I suspect it’s impossible to incur weighty punishment for any legal transgression you commit against Donald Trump or members of his circle. For governmental cast members involved in anti-President Trump shenanigans, the sky was their limit.
Altering evidence in order to falsely justify law enforcement surveillance? Hmmm.
…surveillance of President Trump? Proceed!
This is what Deep State looks like.
Unimpressive, perhaps, but that is emblematic of our age. Unimpressive people with their unimpressive hands meddling in places they don’t belong.
A government official who altered an email in order to continue the FBI’s spying on a member of the 2016 Trump campaign received only probation and community service for his crime, a stark reminder that people in government are rarely, if ever, held accountable for the destruction they cause to others.
Former FBI attorney Kevin Clinesmith was sentenced to 12 months probation and 400 hours of community service for altering an email from an FBI agent that stated former Trump campaign adviser Carter Page had been a source for the CIA, Politico reported. Clinesmith altered the email to say Page was “not a source” for the CIA, which helped the FBI continue its surveillance of Page.
The magic word is “predication,” ie, building grounds for surveillance through overt fabrication of evidence. Altering emails constitutes fabrication, unless you’re spinning unsavory details about President Trump.
The report said Clinesmith’s “deliberate falsification of a federal spy warrant” first was confirmed last winter by the DOJ’s inspector general.
IG Michael Horowitz and his team released a 434-page report that included details about how Clinesmith — identified then only as “OGC Attorney” — changed an email from a separate U.S. federal agency “to falsely state that Page had never worked with the CIA to investigate suspected Russia agents operating within the U.S,” the report said.
But Clinesmith had been informed of Page’s previous work with both the CIA and FBI, the report said.
The OIG finding was that Clinesmith left out Page’s previous work “despite being reminded by the other agency in June 2017, prior to the filing of the final [FISA warrant] renewal application, about Page’s past status with that other agency.”
The OIG charged that Clinesmith “altered” the incoming email so that it said Page was “not a source.”
Pretty damning stuff, even more so when considering law enforcement is held to a higher standard since they represent the absolute pinnacle of lawfulness that keeps society in check; if the police are allowed to willfully falsify evidence in order to substantiate surveillance of citizens, we may wake up one day to find ourselves living in a totalitarian police state. Kevin Clinesmith added some bling to allegations in order to sell surveillance of the Presidential candidate’s campaign.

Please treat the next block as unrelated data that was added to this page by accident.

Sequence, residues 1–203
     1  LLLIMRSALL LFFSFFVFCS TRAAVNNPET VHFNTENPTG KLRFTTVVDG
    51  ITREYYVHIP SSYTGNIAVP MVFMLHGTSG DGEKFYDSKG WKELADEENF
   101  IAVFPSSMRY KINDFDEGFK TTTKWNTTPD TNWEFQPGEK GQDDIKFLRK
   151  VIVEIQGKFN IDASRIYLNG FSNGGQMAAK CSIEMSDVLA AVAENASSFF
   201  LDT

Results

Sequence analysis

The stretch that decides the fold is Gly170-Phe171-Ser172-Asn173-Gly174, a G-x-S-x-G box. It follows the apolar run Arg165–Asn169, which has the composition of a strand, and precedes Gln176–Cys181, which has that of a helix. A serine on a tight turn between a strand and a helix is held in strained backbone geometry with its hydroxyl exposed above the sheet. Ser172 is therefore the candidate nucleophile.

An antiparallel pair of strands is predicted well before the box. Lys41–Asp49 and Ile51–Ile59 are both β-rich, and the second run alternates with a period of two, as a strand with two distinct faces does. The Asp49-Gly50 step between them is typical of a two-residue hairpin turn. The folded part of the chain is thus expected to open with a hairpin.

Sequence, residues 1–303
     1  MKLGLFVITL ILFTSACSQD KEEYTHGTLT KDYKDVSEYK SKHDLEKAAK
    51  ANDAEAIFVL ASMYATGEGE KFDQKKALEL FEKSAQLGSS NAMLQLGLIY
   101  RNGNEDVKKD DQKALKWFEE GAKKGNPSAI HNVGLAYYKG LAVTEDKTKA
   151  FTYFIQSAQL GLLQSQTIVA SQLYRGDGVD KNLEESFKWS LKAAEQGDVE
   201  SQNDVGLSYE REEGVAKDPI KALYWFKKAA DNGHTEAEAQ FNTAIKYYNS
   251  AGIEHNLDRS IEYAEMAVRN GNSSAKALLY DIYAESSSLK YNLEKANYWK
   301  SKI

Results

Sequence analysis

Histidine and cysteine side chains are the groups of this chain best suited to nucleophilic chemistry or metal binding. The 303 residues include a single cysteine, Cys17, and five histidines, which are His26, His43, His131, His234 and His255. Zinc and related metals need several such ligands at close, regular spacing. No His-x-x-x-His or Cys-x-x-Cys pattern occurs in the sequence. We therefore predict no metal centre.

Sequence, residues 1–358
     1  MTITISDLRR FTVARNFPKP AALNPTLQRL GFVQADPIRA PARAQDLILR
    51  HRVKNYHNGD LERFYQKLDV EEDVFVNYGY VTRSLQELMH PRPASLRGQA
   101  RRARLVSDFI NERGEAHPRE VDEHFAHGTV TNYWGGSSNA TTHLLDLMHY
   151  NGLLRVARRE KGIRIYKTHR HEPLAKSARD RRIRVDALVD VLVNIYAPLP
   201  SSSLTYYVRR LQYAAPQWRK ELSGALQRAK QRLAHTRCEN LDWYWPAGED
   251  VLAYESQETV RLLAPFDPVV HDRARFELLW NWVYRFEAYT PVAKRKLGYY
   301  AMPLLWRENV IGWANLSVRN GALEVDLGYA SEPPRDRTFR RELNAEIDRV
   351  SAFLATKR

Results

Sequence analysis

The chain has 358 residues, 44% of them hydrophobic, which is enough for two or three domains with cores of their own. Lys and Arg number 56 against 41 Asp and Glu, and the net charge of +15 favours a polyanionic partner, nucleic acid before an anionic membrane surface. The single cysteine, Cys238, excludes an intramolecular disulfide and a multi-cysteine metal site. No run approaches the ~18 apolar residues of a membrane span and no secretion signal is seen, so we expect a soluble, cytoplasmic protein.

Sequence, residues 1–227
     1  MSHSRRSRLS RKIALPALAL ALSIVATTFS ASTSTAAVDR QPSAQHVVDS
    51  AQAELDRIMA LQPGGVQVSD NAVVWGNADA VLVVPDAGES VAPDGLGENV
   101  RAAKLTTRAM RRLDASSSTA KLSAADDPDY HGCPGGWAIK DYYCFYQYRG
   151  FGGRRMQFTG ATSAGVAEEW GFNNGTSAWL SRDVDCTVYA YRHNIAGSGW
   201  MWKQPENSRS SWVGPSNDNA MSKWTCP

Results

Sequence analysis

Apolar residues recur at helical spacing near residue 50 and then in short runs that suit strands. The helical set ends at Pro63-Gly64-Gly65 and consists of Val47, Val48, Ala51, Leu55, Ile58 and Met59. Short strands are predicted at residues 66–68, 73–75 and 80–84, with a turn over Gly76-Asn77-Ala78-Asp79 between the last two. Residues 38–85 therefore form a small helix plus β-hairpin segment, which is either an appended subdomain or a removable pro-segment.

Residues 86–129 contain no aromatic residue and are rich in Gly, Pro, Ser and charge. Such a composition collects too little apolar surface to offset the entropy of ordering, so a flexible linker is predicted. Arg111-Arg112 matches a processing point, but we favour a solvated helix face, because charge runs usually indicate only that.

Sounds like tyranny lite to me. Clinesmith’s defense reeks of the putrid stench of desperation and sheepish guilt.
Clinesmith’s attorney’s argued that he genuinely believed that what he was altering the email to say was true, and he simply wanted to save himself the additional work of reaching out to the CIA for an email.
Apparently it’s preferable to be a lazy civil servant who cuts corners (efficiency!) than a corrupt Deep State operative. No one wants to do “additional work” and I suspect great misdeeds have been attributable to its avoidance. Clinesmith’s excuse is utter bullshit because he knew about Page’s previous CIA assignments, but whatever; it was all for a good cause.
His conviction earned him some probation and community service. What type of “intelligent” person would buy Clinesmith’s excuse?
U.S. District Court Judge James Boasberg – an Obama nominee – sided with Clinesmith’s defense.
“My view of the evidence is that Mr. Clinesmith likely believed that what he said about Mr. Page was true,” Boasberg said, according to Politico. “By altering the email, he was saving himself some work and taking an inappropriate shortcut.”
James Boasberg has been adjudicating almost 20 years so it stands to reason he is somewhat intelligent. In order to make sense of his opinion in the Clinesmith case, I infer two explanations given demonstrations of his putative intelligence. He is, 1) illogical, or he is, 2) sinister.
Boasberg’s judicial background leads me to suspect he routinely engages in a trained brand of systemic analysis with his deliberations and reasoning. Critical thinking guides cognitive maneuvers as he winds his way through the minefield of facts and arguments. His expertise is largely defined by his ability to read people and deconstruct their motivations.
Yet, he chose to interpret Clinesmith’s excuses at face value. Yes, he was avoiding an extra step, but the precedent his actions imply would be disastrous for a free society that prides itself on individual liberty. Just cause is not an operator at play in the equation used to determine Clinesmith’s guilt.
Logic apparently does not belong in Boasberg’s legal arsenal.
Leaving the third option.